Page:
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Icecube: Trying New Colors - 93%

TheZombieXecutioner, January 30th, 2013

In the shadows of the legendary In Rock, Deep Purple begins to try some new and interesting things. Experimenting with folk, country and even going back to their roots of the late '60s to add a touch of progressiveness and psychedelic feel to their music. The classic Mk II lineup is back for another go and seem to be more relaxed and bring a simple and laid back musical approach. Everything is here, including Ian Paice's amazing mixture of blues and jazz drumming, along with Ritchie Blackmore shredding on guitars, Ian Gillan's screams on vocals and Roger Glover and Jon Lord (RIP 2012) providing bass and keys. Together they bring the classic Deep Purple sound but still are able to try new things --try new colors.

Masterful singer, Ian Gillian, returns on vocals for another Mk II classic. Aiming for of his silky smooth mid range vocals rather than extreme highs upper mid vocals. This is a appropriate change of style for the new influences and experimenting on this album. "Fools" shows greatly Gillan's voice and power that he puts into his vocals. "No One Came" takes a new angle by doing more of a 'rhythmic talking' type of thing much like Bob Dylan would do. This works perfectly over the funky groove in the background and makes a terrific track. The title tracks is more of a classic Deep Purple song with some great screams of Gillian and a great display of his range. When it comes to lyrics this album shows a slightly different style of writing. Most of the songs center around death or changing humanity, as seen on tracks like "Fools", "No One Came" and "Demon's eyes". This is a interesting turn for the band to take and are actually written rather nicely. In conclusion, Gillian is great on vocals with his mid range dominate voice. The lyrics fit well with the vocals style and are interesting and catchy to hear.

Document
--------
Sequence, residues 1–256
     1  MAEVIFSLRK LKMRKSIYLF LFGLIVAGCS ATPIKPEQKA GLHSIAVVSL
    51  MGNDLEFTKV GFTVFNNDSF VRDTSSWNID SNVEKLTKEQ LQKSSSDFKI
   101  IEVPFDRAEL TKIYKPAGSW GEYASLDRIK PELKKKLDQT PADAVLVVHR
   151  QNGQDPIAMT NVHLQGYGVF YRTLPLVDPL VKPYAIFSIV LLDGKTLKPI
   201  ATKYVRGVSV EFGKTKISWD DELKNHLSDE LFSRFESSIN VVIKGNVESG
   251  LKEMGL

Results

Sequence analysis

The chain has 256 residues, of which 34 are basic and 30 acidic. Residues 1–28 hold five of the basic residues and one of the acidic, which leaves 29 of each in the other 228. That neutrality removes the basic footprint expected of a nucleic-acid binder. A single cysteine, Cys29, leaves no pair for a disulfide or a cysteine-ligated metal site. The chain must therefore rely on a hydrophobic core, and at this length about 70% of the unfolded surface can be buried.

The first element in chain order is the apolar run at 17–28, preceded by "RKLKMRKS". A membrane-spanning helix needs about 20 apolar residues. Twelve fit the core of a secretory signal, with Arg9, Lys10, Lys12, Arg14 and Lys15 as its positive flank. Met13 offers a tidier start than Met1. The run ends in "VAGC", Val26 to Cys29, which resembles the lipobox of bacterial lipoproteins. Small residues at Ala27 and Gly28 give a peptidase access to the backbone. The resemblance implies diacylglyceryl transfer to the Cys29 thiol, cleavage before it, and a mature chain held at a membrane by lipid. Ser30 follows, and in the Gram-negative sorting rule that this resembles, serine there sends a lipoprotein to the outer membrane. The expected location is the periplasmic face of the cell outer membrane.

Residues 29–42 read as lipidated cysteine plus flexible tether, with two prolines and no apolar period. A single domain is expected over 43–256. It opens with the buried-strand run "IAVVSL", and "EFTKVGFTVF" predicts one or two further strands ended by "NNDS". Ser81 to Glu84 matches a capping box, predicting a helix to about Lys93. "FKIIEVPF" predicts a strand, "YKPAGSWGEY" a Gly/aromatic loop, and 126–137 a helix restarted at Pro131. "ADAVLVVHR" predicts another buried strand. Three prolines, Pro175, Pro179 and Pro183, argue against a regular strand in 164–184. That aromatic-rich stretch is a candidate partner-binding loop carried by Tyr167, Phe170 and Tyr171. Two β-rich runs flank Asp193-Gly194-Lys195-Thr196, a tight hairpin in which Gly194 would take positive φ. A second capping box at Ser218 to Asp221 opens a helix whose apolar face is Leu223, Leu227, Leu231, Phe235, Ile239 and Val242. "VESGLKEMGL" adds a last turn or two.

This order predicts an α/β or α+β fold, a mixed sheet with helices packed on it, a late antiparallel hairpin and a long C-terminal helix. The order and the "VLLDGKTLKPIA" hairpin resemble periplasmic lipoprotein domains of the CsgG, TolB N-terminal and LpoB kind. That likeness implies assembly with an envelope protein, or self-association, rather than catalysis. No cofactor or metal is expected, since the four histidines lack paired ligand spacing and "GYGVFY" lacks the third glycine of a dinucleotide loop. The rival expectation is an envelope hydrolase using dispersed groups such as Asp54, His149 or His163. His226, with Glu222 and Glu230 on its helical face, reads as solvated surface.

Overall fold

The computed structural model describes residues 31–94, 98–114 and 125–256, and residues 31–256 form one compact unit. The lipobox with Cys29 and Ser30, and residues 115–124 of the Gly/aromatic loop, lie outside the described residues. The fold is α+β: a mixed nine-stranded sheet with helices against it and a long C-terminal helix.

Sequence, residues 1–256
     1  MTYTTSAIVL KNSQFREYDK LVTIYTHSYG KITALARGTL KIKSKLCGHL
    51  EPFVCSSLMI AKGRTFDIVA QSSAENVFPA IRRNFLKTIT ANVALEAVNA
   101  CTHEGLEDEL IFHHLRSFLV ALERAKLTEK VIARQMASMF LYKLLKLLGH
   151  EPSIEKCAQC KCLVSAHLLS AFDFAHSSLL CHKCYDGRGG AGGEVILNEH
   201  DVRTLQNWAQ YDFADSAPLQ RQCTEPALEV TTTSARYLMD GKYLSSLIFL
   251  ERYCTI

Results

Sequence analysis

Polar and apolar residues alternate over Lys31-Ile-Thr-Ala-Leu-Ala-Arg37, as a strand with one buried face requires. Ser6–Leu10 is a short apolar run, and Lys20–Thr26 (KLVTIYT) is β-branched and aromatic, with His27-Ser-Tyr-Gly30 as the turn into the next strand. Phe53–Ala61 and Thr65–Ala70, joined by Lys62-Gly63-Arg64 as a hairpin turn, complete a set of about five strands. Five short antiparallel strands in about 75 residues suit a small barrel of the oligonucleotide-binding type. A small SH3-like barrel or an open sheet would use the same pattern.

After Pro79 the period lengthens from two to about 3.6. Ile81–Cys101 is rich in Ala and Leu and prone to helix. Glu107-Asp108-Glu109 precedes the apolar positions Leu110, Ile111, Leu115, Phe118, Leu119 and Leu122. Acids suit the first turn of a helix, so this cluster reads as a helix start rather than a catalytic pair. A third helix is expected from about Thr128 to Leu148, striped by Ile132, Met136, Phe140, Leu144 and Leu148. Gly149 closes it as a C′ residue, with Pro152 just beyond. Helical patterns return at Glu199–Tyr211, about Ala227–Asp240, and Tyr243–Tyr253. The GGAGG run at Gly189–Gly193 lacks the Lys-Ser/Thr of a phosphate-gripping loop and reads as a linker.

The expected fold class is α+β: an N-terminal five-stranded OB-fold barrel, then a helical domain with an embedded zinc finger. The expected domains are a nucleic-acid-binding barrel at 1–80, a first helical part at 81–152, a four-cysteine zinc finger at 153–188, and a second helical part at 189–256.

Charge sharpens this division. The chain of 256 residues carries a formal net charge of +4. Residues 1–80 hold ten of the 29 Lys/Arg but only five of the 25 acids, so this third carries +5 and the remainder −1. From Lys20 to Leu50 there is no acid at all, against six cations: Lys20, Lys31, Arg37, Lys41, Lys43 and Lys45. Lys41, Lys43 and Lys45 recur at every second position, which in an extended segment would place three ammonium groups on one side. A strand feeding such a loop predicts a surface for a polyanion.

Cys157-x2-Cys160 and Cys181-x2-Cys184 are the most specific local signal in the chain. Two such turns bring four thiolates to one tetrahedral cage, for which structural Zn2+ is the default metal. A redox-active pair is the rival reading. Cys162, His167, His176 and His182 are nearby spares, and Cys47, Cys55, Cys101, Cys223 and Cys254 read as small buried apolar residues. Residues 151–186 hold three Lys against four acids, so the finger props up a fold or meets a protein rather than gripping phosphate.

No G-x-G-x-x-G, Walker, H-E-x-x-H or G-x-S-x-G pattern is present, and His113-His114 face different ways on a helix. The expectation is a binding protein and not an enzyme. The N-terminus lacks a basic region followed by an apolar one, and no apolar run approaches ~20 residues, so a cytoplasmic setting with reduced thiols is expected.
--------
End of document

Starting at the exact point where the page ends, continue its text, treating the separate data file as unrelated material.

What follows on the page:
Drum master Ian Paice is able to show his amazing skills behind the kits well in this new direction. The opening tracks "Fireball" starts with a fantastic drum intro like that of Billy Cobham (Miles Davis and Mahavishnu Orchestra). This tracks also features a double bass like feeling with a constant kick drum throughout the song that feel kind of before its time. "No No No" and "No One Came" also show a great deal of Paice's fantastic mixture of jazz and blues drumming. The drum tone is very much the same from the previous album, which is fine because it seems to be a perfect drum tone for the music they create. Paice is a legendary drummer and though this is probably his weakest drumming of the classic Mk II lineup material, Paice is still able to keep great grooves and catchy rhythms throughout this album.